The annual number of tropical cyclones decreased by approximately 13% during the twentieth century, compared with the late nineteenth century, according to a study published in Nature Climate Change.
It is not clear how tropical cyclones change under human emissions because a warming ocean is expected to intensify storms, while some changes in atmospheric circulation are thought to prevent storm formation. Providing historical context is challenging, as the observational record is not complete, especially before 1950. This has led to conflicting assessments of past tropical cyclone trends.
Using historical records and model data, Savin Chand and colleagues reveal declining trends in the annual number of tropical cyclones since 1850 at both global and regional scales. The global annual number of storms decreased by approximately 13% in the twentieth century compared with the period between 1850 and 1900. For most tropical cyclone basins, this decline has accelerated since the 1950s, which the authors suggest is mainly the result of a weakening of tropical atmospheric circulation. The only exception to this trend is the North Atlantic basin, where the number of tropical cyclones has increased over recent decades. The authors suggest that this may be because the basin is recovering from a decline in tropical cyclone number due to human-related aerosol emissions in the late twentieth century. The number of annual storms is still, however, lower than in pre-industrial times, they state.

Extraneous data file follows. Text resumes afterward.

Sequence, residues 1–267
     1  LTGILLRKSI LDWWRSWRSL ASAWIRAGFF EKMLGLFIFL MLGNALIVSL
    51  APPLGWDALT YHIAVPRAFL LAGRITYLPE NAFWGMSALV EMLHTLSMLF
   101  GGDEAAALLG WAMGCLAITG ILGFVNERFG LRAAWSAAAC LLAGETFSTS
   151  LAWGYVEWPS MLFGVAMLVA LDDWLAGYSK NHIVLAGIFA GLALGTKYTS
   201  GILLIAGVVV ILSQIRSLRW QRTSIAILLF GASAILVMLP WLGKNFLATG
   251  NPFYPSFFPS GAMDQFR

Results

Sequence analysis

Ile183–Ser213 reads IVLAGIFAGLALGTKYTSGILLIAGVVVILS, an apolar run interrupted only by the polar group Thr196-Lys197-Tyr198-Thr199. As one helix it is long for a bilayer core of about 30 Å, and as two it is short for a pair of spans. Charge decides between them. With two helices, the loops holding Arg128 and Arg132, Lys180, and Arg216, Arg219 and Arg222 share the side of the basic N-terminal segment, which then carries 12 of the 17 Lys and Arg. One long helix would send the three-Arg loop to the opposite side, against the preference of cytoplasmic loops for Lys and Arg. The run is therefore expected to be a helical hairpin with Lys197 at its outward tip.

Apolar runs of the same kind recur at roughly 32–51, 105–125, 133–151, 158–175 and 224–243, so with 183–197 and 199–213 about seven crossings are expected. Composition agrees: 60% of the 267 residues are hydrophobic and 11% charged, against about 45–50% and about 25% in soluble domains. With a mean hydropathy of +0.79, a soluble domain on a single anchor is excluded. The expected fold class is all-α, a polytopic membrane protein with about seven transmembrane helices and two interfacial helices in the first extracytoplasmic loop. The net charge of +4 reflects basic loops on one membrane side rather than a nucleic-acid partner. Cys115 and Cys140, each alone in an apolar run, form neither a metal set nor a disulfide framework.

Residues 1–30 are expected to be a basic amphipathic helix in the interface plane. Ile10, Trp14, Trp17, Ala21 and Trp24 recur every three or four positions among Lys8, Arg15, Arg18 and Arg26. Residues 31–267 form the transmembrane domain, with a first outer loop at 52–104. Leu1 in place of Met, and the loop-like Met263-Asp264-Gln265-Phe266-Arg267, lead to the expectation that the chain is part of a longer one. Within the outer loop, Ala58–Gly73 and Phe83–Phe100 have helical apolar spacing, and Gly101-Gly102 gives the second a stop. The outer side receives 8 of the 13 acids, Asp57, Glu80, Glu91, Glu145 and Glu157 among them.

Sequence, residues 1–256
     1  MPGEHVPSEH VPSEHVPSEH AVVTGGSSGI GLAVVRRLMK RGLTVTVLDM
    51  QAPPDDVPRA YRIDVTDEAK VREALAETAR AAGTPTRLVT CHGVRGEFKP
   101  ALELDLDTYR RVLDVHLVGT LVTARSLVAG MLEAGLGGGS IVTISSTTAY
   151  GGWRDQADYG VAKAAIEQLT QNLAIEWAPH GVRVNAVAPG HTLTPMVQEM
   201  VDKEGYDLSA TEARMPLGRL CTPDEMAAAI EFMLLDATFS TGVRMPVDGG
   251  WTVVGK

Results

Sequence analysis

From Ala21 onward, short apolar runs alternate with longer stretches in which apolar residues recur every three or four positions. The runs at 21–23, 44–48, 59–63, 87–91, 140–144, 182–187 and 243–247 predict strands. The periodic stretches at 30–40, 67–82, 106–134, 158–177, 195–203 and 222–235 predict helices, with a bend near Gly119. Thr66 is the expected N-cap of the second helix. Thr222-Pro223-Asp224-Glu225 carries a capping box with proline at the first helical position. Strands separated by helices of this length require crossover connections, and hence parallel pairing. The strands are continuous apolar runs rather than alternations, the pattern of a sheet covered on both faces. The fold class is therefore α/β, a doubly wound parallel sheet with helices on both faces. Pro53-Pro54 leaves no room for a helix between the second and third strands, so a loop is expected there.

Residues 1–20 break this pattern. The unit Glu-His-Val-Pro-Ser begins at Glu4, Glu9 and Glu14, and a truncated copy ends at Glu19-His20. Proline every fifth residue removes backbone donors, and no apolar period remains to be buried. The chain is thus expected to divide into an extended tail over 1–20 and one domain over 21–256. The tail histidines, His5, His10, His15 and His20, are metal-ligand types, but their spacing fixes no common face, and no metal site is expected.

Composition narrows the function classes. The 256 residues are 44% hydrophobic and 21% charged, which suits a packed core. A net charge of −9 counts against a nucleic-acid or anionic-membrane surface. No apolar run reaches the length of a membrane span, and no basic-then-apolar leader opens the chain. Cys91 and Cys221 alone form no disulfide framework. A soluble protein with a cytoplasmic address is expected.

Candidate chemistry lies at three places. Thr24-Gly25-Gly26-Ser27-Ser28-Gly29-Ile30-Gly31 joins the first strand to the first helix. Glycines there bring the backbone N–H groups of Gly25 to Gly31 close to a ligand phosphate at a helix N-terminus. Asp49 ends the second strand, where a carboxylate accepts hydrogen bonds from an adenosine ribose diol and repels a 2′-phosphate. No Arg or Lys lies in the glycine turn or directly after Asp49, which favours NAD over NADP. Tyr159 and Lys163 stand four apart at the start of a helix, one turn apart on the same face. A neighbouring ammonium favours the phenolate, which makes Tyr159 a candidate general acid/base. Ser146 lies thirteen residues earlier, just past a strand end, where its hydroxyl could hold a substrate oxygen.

These findings support studies that suggest that current climate change leads to a decrease in the number of tropical cyclones. It should be noted, however, that frequency is only one aspect controlling the risks associated with tropical cyclones, as the intensity and geographical location are also expected to change. As these factors were not assessed herein, no direct conclusions on the overall changes in risk can be derived.
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